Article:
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Lowe's still lags Home Depot on execution: Analyst

Lowe's on Wednesday reported earnings and revenue that fell short of analysts' expectations, sending its stock skidding.

Lowe's, the No. 2 U.S. home improvement chain by sales, is gathering momentum, but its execution is not up to par with larger rival Home Depot, said JPMorgan Chase analyst Chris Horvers.

On Tuesday, Home Depot reported earnings and revenue that topped estimates. Horvers chalked up 70 percent of the disparate performance to execution and 30 percent to location.

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Horvers said on CNBC's "Squawk Box" that he counts Lowe's among the "atrophied growth companies of 2005," saying the it waited for macroeconomic improvements to take hold for about five years, while Home Depot focused on execution. Improving face-to-face interactions and having the right products in the right place at the right time served to shore up customer loyalty, he said.

"Home Depot not only has to sort of screw up to open a door to Lowe's, but when you go to Lowe's you have to have a good experience to want to go back there," he said.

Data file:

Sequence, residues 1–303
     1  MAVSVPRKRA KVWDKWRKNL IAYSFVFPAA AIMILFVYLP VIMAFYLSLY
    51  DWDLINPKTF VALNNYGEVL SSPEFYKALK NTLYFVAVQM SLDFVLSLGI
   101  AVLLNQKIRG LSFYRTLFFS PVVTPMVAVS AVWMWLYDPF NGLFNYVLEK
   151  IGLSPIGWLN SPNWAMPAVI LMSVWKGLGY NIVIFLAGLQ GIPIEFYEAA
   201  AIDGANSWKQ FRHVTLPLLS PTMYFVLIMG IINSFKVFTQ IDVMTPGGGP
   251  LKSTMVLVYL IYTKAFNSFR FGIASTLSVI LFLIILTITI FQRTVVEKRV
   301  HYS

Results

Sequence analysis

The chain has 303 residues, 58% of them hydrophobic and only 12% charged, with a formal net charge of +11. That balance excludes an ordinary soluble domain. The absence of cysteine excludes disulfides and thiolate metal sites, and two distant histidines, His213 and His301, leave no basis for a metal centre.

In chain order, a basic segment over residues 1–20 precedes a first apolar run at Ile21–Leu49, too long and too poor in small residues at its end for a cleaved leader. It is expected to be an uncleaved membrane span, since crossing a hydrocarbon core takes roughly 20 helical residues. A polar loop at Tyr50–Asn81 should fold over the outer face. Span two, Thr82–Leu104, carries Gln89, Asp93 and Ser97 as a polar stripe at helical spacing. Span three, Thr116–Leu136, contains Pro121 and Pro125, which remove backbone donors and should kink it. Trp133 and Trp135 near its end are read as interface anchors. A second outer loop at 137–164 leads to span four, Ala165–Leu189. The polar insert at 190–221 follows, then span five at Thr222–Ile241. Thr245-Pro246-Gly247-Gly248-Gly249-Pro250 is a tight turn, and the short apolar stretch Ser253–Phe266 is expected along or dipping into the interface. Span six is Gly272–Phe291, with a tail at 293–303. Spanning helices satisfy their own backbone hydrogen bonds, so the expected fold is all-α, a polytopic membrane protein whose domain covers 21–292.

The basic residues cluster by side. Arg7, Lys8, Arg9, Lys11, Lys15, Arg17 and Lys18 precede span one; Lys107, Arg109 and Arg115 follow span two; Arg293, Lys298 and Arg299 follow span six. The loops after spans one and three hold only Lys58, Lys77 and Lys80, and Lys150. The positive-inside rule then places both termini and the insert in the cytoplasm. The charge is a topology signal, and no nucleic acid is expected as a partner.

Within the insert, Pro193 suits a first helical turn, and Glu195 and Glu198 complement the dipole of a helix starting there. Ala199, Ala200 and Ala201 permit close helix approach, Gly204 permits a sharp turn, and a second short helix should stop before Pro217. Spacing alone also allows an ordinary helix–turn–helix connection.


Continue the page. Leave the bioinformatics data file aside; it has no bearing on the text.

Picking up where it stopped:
As for location, Home Depot's business is focused in markets where housing is rebounding more robustly, including California, Florida and Nevada, Horvers added.

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Lowe's posted first-quarter earnings of 70 cents per share, as an improving job market encouraged Americans to spend on renovations. Revenue increased to $14.1 billion from $13.4 billion a year ago.

But Wall Street forecast home improvement retailer Lowe's would report 74 cents a share in earnings on $14.28 billion in revenue, according to a consensus estimate from Thomson Reuters.

After the earnings announcement, the company's shares more than 5 percent in premarket trading. (Click here to get the latest quotes for Lowe's.)

Total same-store sales rose 5.2 percent. Analysts on average had estimated a 6.1 percent rise, according to Consensus Metrix.

Horvers noted that Lowe's is only trailing Home Depot's comps sales growth by about 100 basis points, compared with a 200- to 300-point deficit in past quarters.

The company is also getting its house in order and outperforming Home Depot at moving big ticket purchases such as kitchen and bath materials and appliances, he said. However, Home Depot is hot on its trail.

"The market is coming their way, but Home Depot is not standing still, and as the consumer goes more toward big ticket, particularly decorative, Home Depot is putting a lot of dollars behind that to go after where the consumer is heading," he said.

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In mid-March, Lowe's announced a new repurchase program of $5 billion of the company's common stock and declared a quarterly cash dividend of 23 cents per share.

CNBC's Tom DiChristopher and Terri Cullen and Reuters contributed to this report.